Broadband absorbers are essential components of many light detection, energy harvesting, and camouflage schemes. Current designs are either bulky or use planar films that cause problems in cracking and delamination during flexing or heating. In addition, transferring planar materials to flexible, thin, or low-cost substrates poses a significant challenge. On the other hand, particle-based materials are highly flexible and can be transferred and assembled onto a more desirable substrate but have not shown high performance as an absorber in a standalone system. Here, we introduce a class of particle absorbers called transferable hyperbolic metamaterial particles (THMMP) that display selective, omnidirectional, tunable, broadband absorption when closely packed. This is demonstrated with vertically aligned hyperbolic nanotube (HNT) arrays composed of alternating layers of aluminum-doped zinc oxide and zinc oxide. The broadband absorption measures >87% from 1,200 nm to over 2,200 nm with a maximum absorption of 98.1% at 1,550 nm and remains large for high angles. Furthermore, we show the advantages of particle-based absorbers by transferring the HNTs to a polymer substrate that shows excellent mechanical flexibility and visible transparency while maintaining near-perfect absorption in the telecommunications region. In addition, other material systems and geometries are proposed for a wider range of applications.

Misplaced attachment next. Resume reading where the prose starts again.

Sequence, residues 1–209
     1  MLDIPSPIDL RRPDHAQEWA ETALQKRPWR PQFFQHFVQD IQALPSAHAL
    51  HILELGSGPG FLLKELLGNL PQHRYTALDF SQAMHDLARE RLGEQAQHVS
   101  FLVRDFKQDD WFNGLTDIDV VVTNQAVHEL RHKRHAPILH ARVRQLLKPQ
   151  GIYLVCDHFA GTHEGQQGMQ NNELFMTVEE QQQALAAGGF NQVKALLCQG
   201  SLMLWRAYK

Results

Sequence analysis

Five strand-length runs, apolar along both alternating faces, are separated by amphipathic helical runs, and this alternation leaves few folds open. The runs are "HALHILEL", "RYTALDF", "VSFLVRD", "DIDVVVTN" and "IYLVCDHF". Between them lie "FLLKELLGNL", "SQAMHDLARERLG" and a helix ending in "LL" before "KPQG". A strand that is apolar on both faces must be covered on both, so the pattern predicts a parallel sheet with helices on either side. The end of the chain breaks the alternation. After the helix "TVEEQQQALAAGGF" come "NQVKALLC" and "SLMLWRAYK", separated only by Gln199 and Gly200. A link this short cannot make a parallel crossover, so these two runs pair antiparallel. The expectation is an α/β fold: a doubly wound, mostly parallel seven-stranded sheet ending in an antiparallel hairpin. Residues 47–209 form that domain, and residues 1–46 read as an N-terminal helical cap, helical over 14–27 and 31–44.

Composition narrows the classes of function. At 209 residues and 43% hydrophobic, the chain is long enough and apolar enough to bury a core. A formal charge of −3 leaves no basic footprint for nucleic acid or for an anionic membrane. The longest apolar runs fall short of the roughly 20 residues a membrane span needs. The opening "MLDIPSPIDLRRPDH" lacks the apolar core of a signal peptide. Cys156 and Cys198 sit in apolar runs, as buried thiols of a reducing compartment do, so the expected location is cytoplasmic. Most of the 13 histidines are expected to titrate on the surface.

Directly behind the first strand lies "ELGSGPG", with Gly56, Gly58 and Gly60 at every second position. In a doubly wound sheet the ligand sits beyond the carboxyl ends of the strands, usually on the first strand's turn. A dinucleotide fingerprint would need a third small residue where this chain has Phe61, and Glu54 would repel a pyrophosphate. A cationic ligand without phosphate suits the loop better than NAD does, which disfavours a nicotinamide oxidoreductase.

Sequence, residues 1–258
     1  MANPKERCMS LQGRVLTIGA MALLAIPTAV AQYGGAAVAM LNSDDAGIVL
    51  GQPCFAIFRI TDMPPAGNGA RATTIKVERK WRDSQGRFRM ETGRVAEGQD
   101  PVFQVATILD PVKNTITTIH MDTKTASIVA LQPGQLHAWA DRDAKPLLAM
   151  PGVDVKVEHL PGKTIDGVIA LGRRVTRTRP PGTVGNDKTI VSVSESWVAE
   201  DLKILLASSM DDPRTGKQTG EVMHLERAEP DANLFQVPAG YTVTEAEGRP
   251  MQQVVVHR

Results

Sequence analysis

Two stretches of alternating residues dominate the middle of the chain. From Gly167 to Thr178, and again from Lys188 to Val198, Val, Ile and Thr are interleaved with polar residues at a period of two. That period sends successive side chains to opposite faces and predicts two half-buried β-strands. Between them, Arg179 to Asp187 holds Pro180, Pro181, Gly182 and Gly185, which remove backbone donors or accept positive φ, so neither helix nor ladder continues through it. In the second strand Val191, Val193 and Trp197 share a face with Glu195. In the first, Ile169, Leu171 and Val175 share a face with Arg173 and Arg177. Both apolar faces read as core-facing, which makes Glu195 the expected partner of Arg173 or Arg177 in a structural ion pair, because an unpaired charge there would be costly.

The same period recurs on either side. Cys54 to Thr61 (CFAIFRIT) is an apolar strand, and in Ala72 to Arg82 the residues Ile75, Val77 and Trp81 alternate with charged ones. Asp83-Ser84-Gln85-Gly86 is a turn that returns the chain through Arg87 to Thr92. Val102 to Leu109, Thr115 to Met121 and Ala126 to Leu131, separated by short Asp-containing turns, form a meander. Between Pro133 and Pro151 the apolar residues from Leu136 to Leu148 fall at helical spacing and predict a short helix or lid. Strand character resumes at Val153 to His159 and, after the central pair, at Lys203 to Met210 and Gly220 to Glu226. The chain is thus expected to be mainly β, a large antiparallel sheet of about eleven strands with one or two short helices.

7. Quantum dot photodegradation due to CdSe-ZnO charge transfer: Transient absorption study

    NASA Astrophysics Data System (ADS)

    Žídek, K.; Zheng, K.; Chábera, P.; Abdellah, M.; Pullerits, T.

    2012-06-01

    We study changes in ultrafast transient absorption due to photodegradation of quantum dots attached to ZnO nanowire. The time-resolved measurements reveal impact of photodegradation on three distinct kinetic components present in transient absorption τ ˜ 7 ps, 80 ps, and 7.5 ns). In addition, we observe superlinear dependence of photodegradation rate on concentration of excited electrons. The data are used to evaluate the mean electron back-recombination time of ˜1 μs.